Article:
Second, Lumet made one of the best Holocaust films ever, The Pawnbroker. From slump-shouldered Rod Steiger, Lumet coaxed a performance that is the actor’s best — better even than his more heralded role as Sheriff Gillespie in In the Heat of the Night. And the classic Lumet claustrophobic New York sets work perfectly to help us feel Sol Nazerman’s agony and his inability to escape the horrors of the war and memory.  Sadly, the film isn’t watched as often as Lumet’s other great movies, probably because it’s simply emotionally harder to experience (The Verdict is also a portrait of overwhelming loneliness but it ultimately treads more gently on the viewer’s spirit because it has an uplifting ending). But it remains one of the high points of Lumet’s distinguished career.

Comedy Musical

The Music Man

The Music Man is a joyous, funny and romantic musical that has been lifting hearts for decades. Iowa native Meredith Willson laboured for years to fashion the tale of a fast-talking huckster who comes to fleece the small town rubes of River City and finds more than he bargained for, including romance with the lovely local librarian. The role of the would-be con man, Professor Harold Hill, made Robert Preston a huge Broadway star. Cary Grant saw the play many times, and Hollywood legend holds that he was asked to essay the part of Hill in the 1962 movie adaptation. He allegedly responded “Not only will I not accept the role, but if you don’t get Preston to do it I will not even watch the movie”.

Since at least the time of Clara Bow, Hollywood casting directors have debated whether particular actors have “it”. Well, whatever “it” is, Preston’s got “it” in abundance. Hill is not a nice person. He wants to mulct the town into investing in a boys’ band it doesn’t need and he hopes to seduce and abandon the goodly Marian the Librarian along the way. But the second Preston comes on screen, everyone is cheering for him to pull it off. He is not, truth be told, a great singer at the level of Gordon MacRae, but he is a great actor and an irresistible charmer on screen.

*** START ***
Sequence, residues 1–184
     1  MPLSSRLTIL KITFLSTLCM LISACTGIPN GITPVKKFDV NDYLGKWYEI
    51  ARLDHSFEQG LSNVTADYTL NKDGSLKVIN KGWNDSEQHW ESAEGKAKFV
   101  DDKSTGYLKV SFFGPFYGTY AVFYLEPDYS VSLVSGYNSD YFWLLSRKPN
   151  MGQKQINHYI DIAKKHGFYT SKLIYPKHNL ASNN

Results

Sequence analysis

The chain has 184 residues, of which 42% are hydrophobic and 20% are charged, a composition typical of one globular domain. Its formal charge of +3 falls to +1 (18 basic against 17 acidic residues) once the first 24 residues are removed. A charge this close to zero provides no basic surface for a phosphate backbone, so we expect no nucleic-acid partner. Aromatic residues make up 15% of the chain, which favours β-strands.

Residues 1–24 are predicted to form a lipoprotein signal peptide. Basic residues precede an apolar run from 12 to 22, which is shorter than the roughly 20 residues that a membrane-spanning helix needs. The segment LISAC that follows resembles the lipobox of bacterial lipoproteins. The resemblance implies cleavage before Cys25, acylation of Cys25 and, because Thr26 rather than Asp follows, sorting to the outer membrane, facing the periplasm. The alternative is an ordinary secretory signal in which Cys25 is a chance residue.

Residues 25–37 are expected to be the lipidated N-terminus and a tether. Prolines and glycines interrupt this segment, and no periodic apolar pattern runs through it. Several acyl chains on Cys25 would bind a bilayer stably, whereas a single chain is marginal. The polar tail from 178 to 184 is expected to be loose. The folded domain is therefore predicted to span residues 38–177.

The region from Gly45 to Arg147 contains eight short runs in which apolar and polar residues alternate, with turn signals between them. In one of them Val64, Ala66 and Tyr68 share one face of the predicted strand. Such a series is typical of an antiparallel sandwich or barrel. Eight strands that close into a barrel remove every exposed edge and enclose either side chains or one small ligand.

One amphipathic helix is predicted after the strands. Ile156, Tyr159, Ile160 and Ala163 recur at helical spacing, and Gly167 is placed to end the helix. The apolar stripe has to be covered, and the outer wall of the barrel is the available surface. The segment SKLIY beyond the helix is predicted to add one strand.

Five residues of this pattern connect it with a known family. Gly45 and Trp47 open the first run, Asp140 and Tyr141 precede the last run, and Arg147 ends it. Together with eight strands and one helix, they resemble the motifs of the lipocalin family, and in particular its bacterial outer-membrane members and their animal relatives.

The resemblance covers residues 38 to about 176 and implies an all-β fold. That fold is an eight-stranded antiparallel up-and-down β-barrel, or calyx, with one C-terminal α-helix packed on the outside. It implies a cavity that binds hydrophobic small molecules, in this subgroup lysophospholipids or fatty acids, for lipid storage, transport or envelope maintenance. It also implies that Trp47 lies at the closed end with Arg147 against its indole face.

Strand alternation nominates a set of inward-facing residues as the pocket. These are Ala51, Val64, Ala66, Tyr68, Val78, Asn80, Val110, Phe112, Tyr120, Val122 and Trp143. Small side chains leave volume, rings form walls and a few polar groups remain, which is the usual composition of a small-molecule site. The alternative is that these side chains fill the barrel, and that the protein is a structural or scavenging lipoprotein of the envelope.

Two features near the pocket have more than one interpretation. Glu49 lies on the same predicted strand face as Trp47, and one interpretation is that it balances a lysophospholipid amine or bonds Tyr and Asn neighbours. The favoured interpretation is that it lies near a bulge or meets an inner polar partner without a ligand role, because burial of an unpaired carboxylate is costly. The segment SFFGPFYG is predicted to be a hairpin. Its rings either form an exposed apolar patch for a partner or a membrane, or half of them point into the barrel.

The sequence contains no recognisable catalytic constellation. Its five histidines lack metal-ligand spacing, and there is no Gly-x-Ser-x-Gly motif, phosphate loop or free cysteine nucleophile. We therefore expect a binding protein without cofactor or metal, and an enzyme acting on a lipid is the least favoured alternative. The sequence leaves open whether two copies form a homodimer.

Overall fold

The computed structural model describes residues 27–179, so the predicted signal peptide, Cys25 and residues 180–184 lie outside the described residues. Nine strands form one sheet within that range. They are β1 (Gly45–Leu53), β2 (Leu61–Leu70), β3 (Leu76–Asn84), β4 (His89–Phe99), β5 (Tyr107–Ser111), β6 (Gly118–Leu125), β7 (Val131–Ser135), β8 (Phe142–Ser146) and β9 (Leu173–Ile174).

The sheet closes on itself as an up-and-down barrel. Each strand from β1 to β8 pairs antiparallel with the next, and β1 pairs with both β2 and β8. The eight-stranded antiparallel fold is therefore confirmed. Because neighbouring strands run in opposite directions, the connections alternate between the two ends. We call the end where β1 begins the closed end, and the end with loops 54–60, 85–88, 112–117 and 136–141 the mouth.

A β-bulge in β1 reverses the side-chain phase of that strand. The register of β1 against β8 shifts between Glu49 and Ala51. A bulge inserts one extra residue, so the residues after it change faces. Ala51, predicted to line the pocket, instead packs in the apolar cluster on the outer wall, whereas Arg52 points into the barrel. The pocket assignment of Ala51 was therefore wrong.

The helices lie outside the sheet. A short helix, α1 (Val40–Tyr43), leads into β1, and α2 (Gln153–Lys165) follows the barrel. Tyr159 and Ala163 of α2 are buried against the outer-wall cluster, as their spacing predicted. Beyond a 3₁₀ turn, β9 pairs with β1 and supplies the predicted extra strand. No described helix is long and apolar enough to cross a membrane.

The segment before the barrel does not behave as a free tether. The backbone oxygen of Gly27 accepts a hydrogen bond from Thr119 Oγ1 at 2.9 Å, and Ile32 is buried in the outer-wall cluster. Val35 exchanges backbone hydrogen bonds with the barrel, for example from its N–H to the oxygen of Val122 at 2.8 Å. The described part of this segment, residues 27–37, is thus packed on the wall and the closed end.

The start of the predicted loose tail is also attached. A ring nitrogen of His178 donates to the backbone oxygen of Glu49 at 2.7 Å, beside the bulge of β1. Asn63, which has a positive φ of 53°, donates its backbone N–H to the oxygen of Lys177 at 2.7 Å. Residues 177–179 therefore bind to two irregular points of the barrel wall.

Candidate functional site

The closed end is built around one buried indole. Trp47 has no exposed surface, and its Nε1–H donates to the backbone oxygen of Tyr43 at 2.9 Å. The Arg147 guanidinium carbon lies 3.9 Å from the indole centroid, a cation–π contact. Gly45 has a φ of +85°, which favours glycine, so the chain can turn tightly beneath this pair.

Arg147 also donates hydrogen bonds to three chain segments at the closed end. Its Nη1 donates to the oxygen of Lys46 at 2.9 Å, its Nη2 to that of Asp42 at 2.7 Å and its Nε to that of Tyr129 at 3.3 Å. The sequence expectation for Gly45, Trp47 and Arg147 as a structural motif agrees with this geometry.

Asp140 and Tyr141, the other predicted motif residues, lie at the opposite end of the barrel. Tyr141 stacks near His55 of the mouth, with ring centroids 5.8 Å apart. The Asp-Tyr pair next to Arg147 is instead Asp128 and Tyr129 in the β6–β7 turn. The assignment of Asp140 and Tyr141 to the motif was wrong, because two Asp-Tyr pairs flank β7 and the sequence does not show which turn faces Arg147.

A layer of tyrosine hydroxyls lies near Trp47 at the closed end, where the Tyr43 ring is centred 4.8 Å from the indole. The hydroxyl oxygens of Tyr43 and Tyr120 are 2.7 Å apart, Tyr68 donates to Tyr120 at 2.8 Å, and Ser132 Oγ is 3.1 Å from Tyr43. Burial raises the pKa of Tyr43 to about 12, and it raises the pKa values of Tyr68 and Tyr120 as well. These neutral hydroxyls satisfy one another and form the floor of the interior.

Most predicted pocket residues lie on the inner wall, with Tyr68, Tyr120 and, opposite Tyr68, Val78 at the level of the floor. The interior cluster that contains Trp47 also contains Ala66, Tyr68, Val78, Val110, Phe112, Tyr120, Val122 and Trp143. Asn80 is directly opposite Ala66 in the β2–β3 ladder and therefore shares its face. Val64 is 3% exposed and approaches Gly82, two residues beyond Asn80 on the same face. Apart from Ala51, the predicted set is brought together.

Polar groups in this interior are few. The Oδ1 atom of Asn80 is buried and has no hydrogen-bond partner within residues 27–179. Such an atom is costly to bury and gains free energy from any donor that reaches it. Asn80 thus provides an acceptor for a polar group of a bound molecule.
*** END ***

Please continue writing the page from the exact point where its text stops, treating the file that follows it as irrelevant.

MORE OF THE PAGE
If asked to think of a fresh-faced musical film actress with great pipes and screen appeal, most Americans of a certain generation would come up with Julie Andrews, perhaps remembering Shirley Jones only as the mom on a TV show that their kids watched. But Jones, who plays Marian, was a very big star in her day, and deservedly so. And she wasn’t just effective at playing wholesome All-American innocents as in this film and Oklahoma!: She after all won an Oscar for playing a vengeful prostitute in Elmer Gantry. Of the principals of the Music Man, she is far and away the best singer, and she also conveys warmth, fire and depth as Marian, the unmarried small town lass with a much-gossiped about past.

4YE's Big Movie Binge: The Music Man (1962) – 4 Your Excitement

Preston and Jones are the hubs of the show stopping numbers, including “Ya Got Trouble” and “76 Trombones”. Except for Shipoopi, with singing and dancing by Buddy Hackett (Ack! – but at least he makes a good comic sidekick for Preston), there isn’t a less than good song in the film, and the music grows on you with repeated listenings.

It is worth mentioning also, given that so many child stars came to bad ends, that little Ronny Howard has a nice part in the film. He went on as we all know to become one of the great movie directors of his generation, which based on the little singing he does here was a wise decision.

Some NYC and LA-based film critics have read this film as a condemnation of the ignorance and small-mindedness of Iowans, which to me seems like coastal snobbery not borne out by facts. Yes, the people in the town are sometimes petty and are easily taken in by the conniving Professor Hill, but Wilson also shows us that River City is a place of simple decency, youthful idealism and of course honest, redeeming love in the person of Marian. The movie thus stands as one of the three best statements of everything that is good about Iowa (The other two of course being Field of Dreams and the nearly all-white 2008 democratic caucus nominating Barack Obama).

Here is one of the lesser known but still marvelous numbers from the movie, showing off Preston’s smooth con artist ways and the mellifluous voices of the Buffalo Bills.